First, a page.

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Swanning around the globe
KONSTANTIN Tachkin, the founding director of the St Petersburg Ballet Theatre, spent a number of his years training - but not in dance.
Born in Russia, the 49-year-old was a member of Russia's elite special forces and trained in parachuting as part of the country's compulsory military service.
He says, during a phone interview with BT Lifestyle: "I elected to join a unit that would provide some adventure, so it was scary the first time, but jumping from a plane 800 metres up in the air became like second nature to me."
Upon completion of his military stint, Mr Tachkin returned to St Petersburg in search of a job in 1988. He recalls: "The city was fast becoming very popular with tourists, and I ended up working in the tourism industry where I organised excursions to the opera and ballet performances. The latter's popularity was quite shocking to me, and I could see the need for a new company with higher standards."
Within a year of watching his first ballet, he'd founded the St Petersburg Ballet Theatre and opened with a performance of Giselle.
Now, the well-known company has tours all around the world, and will be performing Swan Lake in Singapore until Nov 26.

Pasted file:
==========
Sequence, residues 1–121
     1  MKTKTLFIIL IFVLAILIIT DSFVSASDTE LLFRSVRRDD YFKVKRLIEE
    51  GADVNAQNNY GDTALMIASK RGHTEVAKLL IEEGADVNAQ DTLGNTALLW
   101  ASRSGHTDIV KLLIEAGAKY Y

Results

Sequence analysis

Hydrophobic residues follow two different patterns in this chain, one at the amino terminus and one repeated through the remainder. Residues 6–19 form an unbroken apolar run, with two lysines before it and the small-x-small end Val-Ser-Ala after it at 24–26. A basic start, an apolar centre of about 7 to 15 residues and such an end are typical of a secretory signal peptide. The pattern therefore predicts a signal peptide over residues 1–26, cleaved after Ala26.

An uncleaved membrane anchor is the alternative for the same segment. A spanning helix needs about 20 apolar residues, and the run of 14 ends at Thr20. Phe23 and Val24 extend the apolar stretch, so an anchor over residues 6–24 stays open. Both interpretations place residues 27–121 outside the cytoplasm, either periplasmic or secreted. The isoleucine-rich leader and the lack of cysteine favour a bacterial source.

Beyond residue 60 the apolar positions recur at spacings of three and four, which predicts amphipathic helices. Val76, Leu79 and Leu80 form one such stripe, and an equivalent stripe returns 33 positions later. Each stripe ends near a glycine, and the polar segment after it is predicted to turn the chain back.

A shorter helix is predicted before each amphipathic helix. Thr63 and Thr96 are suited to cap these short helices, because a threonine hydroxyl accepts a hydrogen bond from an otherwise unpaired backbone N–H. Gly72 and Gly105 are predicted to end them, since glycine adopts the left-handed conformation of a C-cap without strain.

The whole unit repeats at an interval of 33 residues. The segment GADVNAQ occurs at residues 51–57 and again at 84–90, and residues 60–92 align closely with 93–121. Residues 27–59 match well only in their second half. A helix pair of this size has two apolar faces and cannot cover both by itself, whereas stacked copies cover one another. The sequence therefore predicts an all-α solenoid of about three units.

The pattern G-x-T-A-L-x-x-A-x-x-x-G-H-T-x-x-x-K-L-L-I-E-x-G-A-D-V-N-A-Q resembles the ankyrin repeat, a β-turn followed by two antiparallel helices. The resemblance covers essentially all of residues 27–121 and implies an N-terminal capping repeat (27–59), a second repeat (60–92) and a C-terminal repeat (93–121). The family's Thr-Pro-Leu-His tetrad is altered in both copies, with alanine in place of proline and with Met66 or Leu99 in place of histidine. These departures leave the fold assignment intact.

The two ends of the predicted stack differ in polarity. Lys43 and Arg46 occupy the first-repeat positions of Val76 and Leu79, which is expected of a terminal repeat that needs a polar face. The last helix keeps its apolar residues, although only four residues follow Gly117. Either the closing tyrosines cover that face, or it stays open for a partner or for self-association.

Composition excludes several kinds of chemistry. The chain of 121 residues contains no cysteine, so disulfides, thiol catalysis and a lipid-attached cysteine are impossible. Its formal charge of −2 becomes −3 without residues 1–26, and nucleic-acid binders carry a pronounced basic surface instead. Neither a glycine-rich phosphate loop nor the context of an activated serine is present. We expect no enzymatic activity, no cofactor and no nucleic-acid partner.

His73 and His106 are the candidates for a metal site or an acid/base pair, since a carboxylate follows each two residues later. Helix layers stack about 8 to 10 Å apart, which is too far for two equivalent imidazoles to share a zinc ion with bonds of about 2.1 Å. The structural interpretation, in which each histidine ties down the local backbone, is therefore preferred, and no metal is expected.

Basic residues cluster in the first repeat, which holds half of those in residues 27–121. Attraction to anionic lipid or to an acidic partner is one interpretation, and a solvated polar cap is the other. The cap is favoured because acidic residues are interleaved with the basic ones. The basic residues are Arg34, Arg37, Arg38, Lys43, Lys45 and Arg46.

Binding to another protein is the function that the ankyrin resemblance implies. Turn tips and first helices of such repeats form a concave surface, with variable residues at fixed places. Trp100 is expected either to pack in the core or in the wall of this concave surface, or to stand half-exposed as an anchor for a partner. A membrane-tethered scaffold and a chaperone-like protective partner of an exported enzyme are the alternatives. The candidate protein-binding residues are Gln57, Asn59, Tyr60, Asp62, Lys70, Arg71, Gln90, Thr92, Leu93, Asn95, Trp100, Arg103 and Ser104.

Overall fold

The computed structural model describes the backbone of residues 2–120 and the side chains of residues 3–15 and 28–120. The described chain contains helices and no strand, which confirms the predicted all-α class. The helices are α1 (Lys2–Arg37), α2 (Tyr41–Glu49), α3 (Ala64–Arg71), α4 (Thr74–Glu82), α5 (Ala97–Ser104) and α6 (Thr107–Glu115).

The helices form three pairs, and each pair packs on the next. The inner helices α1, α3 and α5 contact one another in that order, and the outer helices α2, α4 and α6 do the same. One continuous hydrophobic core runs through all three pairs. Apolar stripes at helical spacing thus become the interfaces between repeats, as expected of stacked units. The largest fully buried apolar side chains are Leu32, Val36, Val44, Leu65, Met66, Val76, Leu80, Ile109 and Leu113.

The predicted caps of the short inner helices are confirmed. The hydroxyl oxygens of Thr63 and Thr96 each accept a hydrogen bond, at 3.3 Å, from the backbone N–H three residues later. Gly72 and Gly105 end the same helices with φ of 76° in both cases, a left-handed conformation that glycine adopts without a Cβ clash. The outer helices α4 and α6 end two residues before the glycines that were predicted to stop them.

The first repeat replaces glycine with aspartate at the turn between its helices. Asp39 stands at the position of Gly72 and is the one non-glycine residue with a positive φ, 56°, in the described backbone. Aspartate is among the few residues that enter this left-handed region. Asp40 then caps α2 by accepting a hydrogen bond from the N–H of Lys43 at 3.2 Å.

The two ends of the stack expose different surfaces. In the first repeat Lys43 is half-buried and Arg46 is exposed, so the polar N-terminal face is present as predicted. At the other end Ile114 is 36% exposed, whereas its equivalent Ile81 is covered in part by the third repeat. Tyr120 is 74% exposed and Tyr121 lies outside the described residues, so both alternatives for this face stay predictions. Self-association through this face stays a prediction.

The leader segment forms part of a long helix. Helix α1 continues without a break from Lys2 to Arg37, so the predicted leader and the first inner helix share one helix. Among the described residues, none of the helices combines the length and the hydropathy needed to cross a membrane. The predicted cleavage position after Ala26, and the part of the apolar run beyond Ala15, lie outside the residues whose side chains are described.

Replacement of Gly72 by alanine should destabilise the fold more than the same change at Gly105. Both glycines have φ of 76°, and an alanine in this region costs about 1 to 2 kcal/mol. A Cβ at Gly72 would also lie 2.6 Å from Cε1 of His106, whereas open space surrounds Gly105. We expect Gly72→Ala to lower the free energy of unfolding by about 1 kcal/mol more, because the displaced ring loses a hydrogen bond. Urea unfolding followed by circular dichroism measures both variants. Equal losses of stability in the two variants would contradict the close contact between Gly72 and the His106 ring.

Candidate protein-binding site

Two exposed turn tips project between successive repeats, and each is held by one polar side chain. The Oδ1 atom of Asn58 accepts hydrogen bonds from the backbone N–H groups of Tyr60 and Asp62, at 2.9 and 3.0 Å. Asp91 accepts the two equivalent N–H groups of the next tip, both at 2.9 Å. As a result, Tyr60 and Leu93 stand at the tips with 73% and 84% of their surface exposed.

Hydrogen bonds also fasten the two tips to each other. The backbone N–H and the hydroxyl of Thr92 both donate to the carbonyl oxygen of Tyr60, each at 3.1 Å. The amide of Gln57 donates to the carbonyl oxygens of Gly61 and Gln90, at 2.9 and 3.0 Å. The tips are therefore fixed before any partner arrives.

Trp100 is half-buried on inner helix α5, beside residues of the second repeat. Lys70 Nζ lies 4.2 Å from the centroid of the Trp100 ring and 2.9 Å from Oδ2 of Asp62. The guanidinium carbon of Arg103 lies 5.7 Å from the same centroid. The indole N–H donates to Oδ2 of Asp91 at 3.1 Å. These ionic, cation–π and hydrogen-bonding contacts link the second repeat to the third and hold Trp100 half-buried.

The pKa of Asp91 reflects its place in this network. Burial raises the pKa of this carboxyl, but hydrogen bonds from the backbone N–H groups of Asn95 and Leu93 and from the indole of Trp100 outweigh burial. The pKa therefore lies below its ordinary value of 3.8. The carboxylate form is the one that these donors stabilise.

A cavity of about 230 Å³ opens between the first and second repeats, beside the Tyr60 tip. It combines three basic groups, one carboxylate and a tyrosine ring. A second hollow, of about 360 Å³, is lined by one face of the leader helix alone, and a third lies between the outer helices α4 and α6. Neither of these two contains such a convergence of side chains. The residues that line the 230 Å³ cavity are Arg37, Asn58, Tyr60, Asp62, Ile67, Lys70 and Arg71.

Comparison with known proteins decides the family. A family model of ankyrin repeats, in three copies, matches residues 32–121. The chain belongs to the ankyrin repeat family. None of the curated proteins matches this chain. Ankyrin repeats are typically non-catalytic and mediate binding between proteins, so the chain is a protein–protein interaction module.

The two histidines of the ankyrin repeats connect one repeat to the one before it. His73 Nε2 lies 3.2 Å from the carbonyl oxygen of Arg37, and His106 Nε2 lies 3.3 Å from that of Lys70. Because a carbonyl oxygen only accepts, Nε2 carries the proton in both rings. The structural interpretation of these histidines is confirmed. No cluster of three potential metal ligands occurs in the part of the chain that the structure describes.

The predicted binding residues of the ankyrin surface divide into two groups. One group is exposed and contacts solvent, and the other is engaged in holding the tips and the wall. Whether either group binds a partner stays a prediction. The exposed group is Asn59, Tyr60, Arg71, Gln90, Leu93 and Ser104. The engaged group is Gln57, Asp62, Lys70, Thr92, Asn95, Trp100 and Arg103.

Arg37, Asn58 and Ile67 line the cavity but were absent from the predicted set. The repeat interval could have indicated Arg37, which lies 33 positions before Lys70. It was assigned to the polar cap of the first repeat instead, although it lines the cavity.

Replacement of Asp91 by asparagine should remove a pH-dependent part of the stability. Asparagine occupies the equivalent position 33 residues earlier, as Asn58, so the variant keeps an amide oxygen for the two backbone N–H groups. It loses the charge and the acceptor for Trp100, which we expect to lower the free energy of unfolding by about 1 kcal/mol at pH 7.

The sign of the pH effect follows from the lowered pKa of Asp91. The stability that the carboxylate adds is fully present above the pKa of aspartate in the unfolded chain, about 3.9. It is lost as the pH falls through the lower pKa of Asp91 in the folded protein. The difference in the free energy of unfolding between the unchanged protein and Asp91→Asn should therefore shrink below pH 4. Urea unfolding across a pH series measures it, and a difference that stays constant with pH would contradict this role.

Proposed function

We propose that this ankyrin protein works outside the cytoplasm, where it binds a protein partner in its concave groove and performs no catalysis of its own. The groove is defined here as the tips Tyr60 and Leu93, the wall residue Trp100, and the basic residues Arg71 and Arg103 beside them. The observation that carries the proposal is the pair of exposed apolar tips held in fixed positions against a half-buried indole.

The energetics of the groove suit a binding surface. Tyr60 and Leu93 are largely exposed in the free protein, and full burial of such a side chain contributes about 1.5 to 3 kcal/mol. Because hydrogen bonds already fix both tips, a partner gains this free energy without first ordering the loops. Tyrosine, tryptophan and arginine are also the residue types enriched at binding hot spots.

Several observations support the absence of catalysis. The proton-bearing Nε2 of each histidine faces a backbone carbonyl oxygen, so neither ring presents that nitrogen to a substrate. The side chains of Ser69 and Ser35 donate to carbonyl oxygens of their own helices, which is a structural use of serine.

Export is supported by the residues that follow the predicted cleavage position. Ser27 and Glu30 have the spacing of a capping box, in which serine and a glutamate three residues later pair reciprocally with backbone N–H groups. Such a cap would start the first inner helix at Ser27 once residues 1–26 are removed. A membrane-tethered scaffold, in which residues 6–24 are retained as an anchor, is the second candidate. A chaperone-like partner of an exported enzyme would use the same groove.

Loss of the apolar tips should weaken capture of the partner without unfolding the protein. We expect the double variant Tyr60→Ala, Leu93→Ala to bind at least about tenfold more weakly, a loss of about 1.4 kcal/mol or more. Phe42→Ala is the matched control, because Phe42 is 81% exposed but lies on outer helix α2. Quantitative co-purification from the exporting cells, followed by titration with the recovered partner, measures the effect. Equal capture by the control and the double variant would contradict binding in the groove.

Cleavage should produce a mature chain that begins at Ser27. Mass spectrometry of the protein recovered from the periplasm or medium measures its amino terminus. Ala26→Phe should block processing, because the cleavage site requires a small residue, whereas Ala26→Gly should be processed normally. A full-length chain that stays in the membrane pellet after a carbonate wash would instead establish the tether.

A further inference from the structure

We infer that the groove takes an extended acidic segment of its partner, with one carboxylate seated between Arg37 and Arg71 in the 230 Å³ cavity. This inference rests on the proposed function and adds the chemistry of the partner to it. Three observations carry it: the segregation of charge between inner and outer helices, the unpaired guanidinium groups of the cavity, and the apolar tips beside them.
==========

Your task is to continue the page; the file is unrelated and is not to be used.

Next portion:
But when he first set up the organisation, Mr Tachkin wasn't at all sure it would be a success. He shares: "Back then, no one had any experience in setting up things like this, and no one had ever contemplated a 'private' ballet company because arts organisations are usually headed by the government."
Despite the challenges and a lack of belief in the company, it defied all odds, which Mr Tachkin credits to his discipline and "valuing quality above all else".
Though the 60-strong company, whose prima ballerina is Irina Kolesnikova, performs ballets like Giselle, Don Quixote, and TheNutcracker, Swan Lake remains Mr Tachkin's favourite.
He explains: "This is a ballet that has everything: beautiful music by Tchaikovsky, exquisite scenery, and, of course, amazing choreography. You get to see our dancers perform bravura pas de deux, the adagio of the lakeside scene to the four little swans as well as a lovely performance from the corps de ballet."
The story of Swan Lake follows young Prince Siegfried who falls in love with the Swan Queen Odette, a young woman transformed into a swan by a sorcerer. It follows the couple's journey through breaking the spell, complete with pledges, deception, and above all, dance.
Mr Tachkin concludes: "Ballet is actually one of the highest forms of art. You enjoy the dancing, but you never quite see how much work goes into the production. I've seen dancers training for hours every day in the studio, and then having to deal with people who say dancing isn't a real profession. There's a joke that sums it up perfectly - when a ballerina wakes up in the morning and doesn't feel any pain, she thinks she's dead."
- Catch Swan Lake at the Theatre at MediaCorp until Nov 26. Tickets start at S$65, and are available from Sistic